“What’s great about these events is hearing regular speakers on what their latest insights are, but it's also really good to hear from new speakers and what they're saying about problems that I might be facing on a day-to-day basis.
“And ultimately, putting all that together, you've always got something great to come home with, whether it's just having had a good time that you can reflect on or you've got a few deliverables that you could take to your clients.”
Sailing the changing seas in tax
Events like the National Convention are becoming more and more important in the face of change in tax.
“Coping with change is something that all businesses, all p…

Are increased disclosure requirements resulting in taxpayers paying their fair share of tax?

Australia is leading the charge in matters of tax transparency, and while measures and focus in this space have already increased dramatically in recent years, this trend is set to continue.

Big business in Australia already makes disclosures at the public level, which includes the Board of Taxation’s voluntary tax transparency code, and the ATO’s annual report of entity tax information.

Disclosures to the ATO include the International Dealings Schedule, which details any international related party dealings, and through transfer pricing documentation for related party transactions, via the ATO's Key Taxpayer Engagement and Top 1,000 program, and many other measures. Australia has also adopted the OECD Country by Country reporting recommendations.

This minefield of obligations and dealings with a number of bodies, means that advisers need to understand exactly what information is required to be disclosed, to who, when, and how.

While penalties can apply, and the ATO can use its …

Administering deceased estates

Over a lifetime a person can acquire a number of different roles, including Director, Shareholder, Trustee, Guardian and/or Appointor or Testator.

The death or mental incapacity of a client impacts each of these roles held.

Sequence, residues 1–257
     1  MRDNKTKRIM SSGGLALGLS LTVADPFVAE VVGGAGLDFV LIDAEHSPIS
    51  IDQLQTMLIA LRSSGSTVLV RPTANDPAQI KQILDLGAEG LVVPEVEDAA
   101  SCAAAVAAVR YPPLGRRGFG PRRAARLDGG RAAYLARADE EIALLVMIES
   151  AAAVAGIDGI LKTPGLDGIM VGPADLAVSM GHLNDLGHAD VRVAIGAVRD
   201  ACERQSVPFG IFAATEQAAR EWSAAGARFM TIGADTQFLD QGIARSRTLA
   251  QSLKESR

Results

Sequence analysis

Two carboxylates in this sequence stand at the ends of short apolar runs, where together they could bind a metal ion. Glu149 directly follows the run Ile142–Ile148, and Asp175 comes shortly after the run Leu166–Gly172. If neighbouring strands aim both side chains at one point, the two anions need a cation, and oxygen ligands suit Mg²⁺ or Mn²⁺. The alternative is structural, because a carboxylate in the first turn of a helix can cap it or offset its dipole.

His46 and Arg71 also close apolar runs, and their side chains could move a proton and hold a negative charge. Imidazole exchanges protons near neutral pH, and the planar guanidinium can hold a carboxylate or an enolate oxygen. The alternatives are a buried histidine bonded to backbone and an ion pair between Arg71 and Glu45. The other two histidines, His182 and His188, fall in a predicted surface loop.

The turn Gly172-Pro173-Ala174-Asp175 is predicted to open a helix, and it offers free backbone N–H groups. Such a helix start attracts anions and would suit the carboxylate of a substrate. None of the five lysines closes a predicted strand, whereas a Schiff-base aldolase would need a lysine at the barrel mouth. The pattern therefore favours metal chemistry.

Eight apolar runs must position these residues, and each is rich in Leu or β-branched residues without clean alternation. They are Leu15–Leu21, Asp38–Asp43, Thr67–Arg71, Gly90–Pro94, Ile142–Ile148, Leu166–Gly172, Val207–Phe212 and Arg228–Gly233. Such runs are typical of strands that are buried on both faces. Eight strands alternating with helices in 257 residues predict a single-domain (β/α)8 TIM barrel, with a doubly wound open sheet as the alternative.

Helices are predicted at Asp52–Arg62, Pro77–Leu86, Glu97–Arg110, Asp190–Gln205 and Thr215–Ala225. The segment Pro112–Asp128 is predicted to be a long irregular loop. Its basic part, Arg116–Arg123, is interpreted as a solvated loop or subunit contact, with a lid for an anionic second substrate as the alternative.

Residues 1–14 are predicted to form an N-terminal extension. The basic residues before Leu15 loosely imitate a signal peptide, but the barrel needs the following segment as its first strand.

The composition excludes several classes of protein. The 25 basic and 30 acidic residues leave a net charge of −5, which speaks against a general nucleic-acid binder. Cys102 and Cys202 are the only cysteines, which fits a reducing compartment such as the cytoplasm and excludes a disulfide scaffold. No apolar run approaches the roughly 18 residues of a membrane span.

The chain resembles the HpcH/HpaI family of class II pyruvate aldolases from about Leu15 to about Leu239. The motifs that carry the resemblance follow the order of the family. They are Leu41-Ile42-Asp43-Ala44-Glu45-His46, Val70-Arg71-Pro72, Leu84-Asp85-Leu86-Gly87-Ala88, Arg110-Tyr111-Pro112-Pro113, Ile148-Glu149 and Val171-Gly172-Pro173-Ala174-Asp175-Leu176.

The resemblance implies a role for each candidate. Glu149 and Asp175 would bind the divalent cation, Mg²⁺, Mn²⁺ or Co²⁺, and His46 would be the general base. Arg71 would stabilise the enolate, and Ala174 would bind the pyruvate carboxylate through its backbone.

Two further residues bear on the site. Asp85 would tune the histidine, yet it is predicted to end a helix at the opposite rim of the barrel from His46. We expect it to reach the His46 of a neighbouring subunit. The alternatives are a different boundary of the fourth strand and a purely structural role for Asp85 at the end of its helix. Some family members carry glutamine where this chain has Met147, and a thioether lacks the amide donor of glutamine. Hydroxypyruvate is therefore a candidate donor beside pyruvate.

Following death or the loss of mental capacity it can be a very difficult and expensive exercise to resolve the position to allow for a client’s affairs to be attended to in a cost effective and time efficient manner.

In addition, with the rise of elder abuse and the evolving area of Elder Law, it is important for professional advisors to consider their professional obligations, including the role we can play in future proofing ageing clients from potential difficulties and/or family conflict.

In her paper, 'Administering deceased estates: A practical perspective', presented at the 2019 Estate and Succession Planning Intensive in Perth, Loreena Gillon, CTA looks at the issues facing advisers in such situations.

The paper is excerpted in this post.


Present entitlement and the dissenting beneficiary

Appointment of trust income to an object is invariably a unilateral act of the trustee.

However, a trustee cannot mandate that a presently entitled beneficiary accept an allocation of income. A beneficiary, for many reasons, may not wish to possess a trust interest, but the ability of a beneficiary to effectively disclaim an appointment of trust income is not often a straightforward proposition.

This is particularly the case where an unwitting beneficiary is deemed to have “tacitly” accepted and/or constructively derived the interest. Indeed, the potential tax outcomes facing the beneficiary are usually invisible until professional advice is sought, and this is frequently the case after a notice of amended or default assessment has been issued by the Commissioner.

In his article in June's issue of Taxation in Australia, excerpted in this post, Frederick Mahar discusses the trust law concept of present entitlement, when present entitlement is taken to have been conferred, and how …

What happened in Tax in May?

Written by TaxCounsel Pty Ltd

The following points highlight important federal tax developments that occurred during May 2019.

Each month, these developments are considered in more detail in the 'Taxing Issues' column of Taxation in Australia, the Institute's member journal.

Environmental protection activities

The Commissioner has issued a draft ruling that considers aspects of the immediate deduction allowable under s 40-755 ITAA97 for expenditure incurred for the sole or dominant purpose of carrying on environmental protection activities (TR 2019/D3).

Cryptocurrency: data matching

The ATO has announced that it is collecting bulk records from Australian cryptocurrency designated service providers as part of a data matching program to ensure that people trading in cryptocurrency are paying the right amount of tax.

Company carrying on business: rating purposes

A final ruling recently issued by the Commissioner considers when a company can be said to carry on a business for ra…